Krasnopolsky, Ruben (2000) Hydromagnetic astrophysical outflows. Dissertation (Ph.D.), California Institute of Technology. http://resolver.caltech.edu/CaltechETD:etd-09172008-092907
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The launching, acceleration and stability of MHD outflows were studied numerically in two and three dimensions using a parallelized version of the ZEUS code.
The launching from Keplerian accretion disks was investigated using time-dependent simulations, to determine parameter dependence and stability to 3D perturbations. The most critical factors controlling the cold outflows from the disk surface were found to be the poloidal magnetic field profile and the mass discharge rate: together they determine the acceleration of gas away from the disk, and the location of the Alfven surface, which, in turn, fixes the angular momentum loss and the asymptotic speed. The flows were found to be remarkably stable in 3D against perturbations of the initial conditions, at least in the formation region of the jet before the Alfven surface. This is surprising in the context of previous studies.
Intermittent flows are found when the mass discharge rate is too large for a given magnetic field profile. This may be relevant to some observed episodic sources. This intermittency can be suppressed if the mass loading has the angular dependence suggested by the magnetocentrifugal mechanism, namely that the discharge is a function of the angle θ between the poloidal fieldline threading the disk and the rotation axis, turning off when θ[...]30°. The mechanism of intermittency sets up a maximum mass loading to the observed smooth jets, may explain those that are pulsed, and shows a possible transition back and forth between both regimes. The result presented here may be compared to some recently published papers which suggest that intermittency could occur if the mass loading is too small: here it occurs when it is too large. If both results are generic, mass loading is bracketed for steady flows.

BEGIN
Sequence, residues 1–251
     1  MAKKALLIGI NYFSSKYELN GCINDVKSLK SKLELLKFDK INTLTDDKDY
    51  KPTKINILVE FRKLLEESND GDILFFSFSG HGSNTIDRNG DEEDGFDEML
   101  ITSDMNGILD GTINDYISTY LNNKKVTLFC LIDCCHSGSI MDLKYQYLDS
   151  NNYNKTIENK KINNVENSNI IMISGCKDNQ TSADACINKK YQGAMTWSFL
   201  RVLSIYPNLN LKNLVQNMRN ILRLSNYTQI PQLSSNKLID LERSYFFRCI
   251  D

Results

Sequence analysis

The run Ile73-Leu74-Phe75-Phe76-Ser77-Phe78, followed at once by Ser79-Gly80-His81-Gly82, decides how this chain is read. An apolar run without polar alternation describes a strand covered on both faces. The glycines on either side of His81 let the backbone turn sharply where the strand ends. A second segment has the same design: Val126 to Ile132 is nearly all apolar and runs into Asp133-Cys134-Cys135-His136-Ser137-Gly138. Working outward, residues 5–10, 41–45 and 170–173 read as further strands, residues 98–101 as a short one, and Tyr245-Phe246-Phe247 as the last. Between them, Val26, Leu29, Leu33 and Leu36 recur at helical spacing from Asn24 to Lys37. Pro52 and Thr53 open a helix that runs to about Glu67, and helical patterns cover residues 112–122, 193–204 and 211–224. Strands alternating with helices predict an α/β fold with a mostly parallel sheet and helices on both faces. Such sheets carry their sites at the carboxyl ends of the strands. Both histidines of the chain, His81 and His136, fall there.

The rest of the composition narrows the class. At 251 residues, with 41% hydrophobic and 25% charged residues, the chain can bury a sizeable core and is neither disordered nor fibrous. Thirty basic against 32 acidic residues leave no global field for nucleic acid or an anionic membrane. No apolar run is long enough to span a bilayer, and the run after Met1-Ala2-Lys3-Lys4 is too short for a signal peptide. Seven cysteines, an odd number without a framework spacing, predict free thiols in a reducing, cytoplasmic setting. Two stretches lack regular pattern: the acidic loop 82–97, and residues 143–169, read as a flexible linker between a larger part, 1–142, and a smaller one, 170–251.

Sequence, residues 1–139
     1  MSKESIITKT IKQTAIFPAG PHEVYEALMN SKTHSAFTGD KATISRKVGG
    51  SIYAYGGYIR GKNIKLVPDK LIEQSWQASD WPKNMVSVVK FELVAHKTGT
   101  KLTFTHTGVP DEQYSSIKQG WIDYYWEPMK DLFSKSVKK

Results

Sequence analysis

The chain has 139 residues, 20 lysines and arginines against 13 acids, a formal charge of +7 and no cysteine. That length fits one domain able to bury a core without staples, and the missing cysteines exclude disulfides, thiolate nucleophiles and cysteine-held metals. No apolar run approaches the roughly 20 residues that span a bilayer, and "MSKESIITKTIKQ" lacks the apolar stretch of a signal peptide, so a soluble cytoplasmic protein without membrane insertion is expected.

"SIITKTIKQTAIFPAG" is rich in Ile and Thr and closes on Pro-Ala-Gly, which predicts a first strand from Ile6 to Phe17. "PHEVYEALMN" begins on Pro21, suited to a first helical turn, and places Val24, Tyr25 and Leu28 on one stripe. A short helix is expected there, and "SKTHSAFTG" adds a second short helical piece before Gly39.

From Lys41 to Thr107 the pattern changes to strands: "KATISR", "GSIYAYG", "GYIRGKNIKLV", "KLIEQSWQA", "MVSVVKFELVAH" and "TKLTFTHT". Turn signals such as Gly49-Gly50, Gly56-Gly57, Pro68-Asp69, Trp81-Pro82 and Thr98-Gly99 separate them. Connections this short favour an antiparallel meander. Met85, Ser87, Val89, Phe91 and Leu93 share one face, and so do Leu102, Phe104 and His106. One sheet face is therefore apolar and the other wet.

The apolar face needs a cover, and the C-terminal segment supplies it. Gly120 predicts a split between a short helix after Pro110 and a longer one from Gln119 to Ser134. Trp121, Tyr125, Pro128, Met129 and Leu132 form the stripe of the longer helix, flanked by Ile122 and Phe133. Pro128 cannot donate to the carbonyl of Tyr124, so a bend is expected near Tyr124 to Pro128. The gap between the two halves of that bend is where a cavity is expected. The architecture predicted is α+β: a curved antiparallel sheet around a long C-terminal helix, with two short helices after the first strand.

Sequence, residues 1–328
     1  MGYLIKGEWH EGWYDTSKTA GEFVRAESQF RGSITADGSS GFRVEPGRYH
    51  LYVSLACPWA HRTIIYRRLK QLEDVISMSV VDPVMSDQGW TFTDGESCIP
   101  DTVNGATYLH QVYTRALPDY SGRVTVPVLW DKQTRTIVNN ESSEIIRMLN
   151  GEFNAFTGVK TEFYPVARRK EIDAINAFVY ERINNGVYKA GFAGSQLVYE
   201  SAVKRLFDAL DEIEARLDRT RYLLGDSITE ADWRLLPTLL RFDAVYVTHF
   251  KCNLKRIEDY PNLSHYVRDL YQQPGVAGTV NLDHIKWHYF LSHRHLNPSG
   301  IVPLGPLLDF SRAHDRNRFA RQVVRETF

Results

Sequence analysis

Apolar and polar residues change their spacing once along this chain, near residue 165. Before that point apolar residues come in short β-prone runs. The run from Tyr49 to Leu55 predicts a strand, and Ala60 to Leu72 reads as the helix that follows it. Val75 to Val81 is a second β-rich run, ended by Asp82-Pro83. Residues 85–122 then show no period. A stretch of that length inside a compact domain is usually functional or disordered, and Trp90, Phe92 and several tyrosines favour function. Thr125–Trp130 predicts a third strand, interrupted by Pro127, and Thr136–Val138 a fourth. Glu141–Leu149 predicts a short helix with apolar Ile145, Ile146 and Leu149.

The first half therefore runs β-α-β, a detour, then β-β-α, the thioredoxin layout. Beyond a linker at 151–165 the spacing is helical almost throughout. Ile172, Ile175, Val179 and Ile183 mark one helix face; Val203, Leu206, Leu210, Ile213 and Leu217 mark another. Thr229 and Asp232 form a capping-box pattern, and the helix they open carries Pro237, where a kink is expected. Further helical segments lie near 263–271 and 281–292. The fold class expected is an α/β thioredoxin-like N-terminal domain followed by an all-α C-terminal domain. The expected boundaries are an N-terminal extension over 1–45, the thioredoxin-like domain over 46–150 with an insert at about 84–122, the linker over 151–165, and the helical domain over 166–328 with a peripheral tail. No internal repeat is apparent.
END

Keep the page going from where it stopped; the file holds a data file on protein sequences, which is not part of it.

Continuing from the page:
Launching from disks was simulated using a cold disk and atmosphere. The number of boundary conditions that was imposed on the disk surface is what is necessary and sufficient to take into account information propagating upstream from the fast and Alfven critical surfaces, avoiding over-determination of the flow and unphysical effects, such as numerical "boundary layers" that otherwise isolate the disk from the flow, produce impulsive accelerations and confuse the connection between the disk parameters and the flow.
The solar wind provides another example of an MHD outflow, using the high solar latitude observations by the satellite Ulysses. The simulations performed here allowed an estimate of the mean value of the azimuthal velocity, which is not directly accessible to measurement, and is necessary to estimate the torque of the solar wind. The Alfven point was found to be located at ~11R[...]. Similar outflows from faster rotators were simulated, and found to be collimated along the rotational axis.
|Item Type:||Thesis (Dissertation (Ph.D.))|
|Degree Grantor:||California Institute of Technology|
|Division:||Physics, Mathematics and Astronomy|
|Thesis Availability:||Restricted to Caltech community only|
|Defense Date:||26 January 2000|
|Default Usage Policy:||No commercial reproduction, distribution, display or performance rights in this work are provided.|
|Deposited By:||Imported from ETD-db|
|Deposited On:||03 Nov 2008|
|Last Modified:||26 Dec 2012 03:01|
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